Saint John Leonardi

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October 9: Saint John Leonardi, Priest—Optional Memorial

Patron Saint of pharmacists
Canonized by Pope Pius XI on April 17, 1938
Liturgical Color: White

Those who want to work for moral reform in the world must seek the glory of God before all else. Because he is the source of all good they must wait for his help, and pray for it in this difficult and necessary undertaking. They must then present themselves to those they seek to reform, as mirrors of every virtue and as lamps on a lamp-stand. Their upright lives and noble conduct must shine before all who are in the house of God. In this way they will gently entice the members of the Church to reform instead of forcing them, lest, in the words of the Council of Trent, they demand of the body what is not found in the head, and thus upset the whole order of the Lord’s household.

They will be like skilled physicians taking great pains to dispose of all the diseases that afflict the Church and require a cure. They will ready themselves to provide suitable remedies for each illness. ~Letter to Pope Paul V, from Saint John Leonardi

Reflection: The early sixteenth century saw the beginning of the Protestant Reformation, which resulted in religious and political chaos in northern Europe. Following the revolt of Martin Luther and others, the Catholic Church took a good look at itself and began a thorough process of internal reform. The foundation for this reform was laid by the Council of Trent during the years 1545–1563. Additionally, the Holy Spirit sparked a spiritual renewal of piety and personal devotion among the faithful, as well as the formation of several new religious orders, such as the Jesuits, Oratorians, Ursulines, Theatines, Barnabites, Somaschi Fathers, and the Discalced Carmelites. Among the newly formed religious orders was the Clerks Regular of the Mother of God, founded by today’s saint, Saint John Leonardi.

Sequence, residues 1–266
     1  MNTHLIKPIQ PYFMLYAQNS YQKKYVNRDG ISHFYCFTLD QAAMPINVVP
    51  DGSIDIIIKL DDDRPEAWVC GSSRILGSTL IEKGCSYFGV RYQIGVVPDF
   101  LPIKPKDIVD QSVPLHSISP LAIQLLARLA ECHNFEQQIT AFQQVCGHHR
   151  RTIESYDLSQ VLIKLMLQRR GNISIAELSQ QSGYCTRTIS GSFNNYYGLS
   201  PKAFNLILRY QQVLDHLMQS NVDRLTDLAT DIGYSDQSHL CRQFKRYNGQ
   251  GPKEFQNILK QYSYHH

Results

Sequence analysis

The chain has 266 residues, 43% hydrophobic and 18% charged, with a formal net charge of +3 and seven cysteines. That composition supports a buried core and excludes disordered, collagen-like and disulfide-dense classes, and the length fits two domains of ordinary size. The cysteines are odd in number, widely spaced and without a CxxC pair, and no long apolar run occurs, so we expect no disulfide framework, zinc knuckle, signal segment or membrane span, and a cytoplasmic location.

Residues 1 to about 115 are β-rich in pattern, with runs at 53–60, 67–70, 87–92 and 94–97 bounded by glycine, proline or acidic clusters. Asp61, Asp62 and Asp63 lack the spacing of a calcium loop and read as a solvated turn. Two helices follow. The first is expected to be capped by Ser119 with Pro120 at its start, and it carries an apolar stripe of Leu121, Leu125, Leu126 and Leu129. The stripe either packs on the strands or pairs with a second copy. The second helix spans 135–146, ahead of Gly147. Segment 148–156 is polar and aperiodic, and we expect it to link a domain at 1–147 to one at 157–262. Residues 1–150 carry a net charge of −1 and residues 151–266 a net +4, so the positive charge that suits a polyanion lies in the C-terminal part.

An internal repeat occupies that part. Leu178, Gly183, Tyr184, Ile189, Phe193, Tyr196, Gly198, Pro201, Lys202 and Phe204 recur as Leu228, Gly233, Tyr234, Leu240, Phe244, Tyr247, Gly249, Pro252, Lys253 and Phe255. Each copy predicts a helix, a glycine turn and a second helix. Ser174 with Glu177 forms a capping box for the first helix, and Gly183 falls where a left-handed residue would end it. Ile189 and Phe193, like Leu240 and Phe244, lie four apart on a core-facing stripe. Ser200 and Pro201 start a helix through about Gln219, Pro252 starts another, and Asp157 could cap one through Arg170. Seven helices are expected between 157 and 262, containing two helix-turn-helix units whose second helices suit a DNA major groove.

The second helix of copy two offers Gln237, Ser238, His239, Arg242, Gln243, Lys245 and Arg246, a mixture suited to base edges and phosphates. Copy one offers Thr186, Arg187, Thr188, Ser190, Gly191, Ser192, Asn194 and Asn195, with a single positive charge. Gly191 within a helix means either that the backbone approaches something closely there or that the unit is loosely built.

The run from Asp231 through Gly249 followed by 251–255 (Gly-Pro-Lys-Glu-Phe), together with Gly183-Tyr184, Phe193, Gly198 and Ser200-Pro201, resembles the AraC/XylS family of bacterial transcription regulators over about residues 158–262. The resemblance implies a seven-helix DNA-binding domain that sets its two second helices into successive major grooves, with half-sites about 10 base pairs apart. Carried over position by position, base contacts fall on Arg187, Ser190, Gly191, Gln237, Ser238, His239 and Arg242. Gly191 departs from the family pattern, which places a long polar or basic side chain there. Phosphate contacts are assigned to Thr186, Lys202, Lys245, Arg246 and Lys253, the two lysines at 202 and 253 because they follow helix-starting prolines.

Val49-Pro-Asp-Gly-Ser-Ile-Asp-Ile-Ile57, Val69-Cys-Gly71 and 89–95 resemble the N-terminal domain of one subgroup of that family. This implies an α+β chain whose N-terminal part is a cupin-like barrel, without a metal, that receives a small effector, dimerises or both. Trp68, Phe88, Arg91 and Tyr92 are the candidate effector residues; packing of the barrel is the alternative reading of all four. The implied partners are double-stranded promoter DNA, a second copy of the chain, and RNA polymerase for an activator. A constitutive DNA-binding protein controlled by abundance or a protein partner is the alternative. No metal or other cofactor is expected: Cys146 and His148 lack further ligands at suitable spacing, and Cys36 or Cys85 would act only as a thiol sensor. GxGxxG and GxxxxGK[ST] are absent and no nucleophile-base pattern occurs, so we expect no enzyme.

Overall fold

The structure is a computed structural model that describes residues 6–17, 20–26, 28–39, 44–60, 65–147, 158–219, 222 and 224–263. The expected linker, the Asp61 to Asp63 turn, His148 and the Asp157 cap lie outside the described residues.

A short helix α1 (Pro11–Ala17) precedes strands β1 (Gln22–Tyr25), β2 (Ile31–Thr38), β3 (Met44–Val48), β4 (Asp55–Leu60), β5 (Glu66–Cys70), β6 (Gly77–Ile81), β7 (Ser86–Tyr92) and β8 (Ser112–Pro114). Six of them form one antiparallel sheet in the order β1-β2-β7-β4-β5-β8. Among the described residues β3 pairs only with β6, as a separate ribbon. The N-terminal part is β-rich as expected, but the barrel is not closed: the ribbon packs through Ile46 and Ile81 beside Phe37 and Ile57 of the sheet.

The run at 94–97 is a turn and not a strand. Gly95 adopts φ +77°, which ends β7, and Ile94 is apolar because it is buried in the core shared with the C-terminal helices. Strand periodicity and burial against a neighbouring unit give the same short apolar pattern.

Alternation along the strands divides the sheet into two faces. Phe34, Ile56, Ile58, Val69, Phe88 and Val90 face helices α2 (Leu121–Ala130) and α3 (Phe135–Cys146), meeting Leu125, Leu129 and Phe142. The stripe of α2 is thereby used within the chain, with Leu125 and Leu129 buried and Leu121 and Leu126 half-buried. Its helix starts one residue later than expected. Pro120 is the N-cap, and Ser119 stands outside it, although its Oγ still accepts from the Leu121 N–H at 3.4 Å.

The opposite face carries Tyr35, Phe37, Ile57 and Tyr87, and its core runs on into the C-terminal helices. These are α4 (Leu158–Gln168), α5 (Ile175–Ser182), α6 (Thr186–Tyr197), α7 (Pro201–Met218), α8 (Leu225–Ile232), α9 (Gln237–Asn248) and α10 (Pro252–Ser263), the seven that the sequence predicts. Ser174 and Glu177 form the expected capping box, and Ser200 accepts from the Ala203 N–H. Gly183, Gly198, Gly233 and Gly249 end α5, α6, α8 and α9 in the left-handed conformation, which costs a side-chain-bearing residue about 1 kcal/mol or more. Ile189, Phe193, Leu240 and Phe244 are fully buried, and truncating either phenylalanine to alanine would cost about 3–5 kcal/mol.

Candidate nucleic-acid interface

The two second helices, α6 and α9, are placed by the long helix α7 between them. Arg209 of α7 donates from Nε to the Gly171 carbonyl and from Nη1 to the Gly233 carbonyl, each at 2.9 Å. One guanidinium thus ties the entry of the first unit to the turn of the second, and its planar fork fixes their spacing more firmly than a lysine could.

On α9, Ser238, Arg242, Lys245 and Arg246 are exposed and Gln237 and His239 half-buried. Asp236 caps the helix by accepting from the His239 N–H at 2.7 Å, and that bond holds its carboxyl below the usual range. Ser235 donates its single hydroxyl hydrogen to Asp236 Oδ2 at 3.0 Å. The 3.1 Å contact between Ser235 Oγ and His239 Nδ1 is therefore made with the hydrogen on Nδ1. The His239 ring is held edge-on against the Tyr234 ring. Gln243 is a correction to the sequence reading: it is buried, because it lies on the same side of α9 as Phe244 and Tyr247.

Giovanni (John) Leonardi was born into a middle-class family in the small town of Diecimo, Republic of Lucca, modern-day Italy. When John was four, the Council of Trent held its first session, and when he turned twenty-two, it held its last. Around the age of seventeen, John began studying to become a pharmacist, a well-respected occupation at that time. After ten years of study, he became certified and worked as a pharmacist’s assistant for the next few years. However, the work of providing medicine for the body soon deepened a desire he had held for years—the mission of providing spiritual medicine for the soul as a priest. After a few years of theological preparation, John was ordained a priest in 1572 at the age of thirty-one.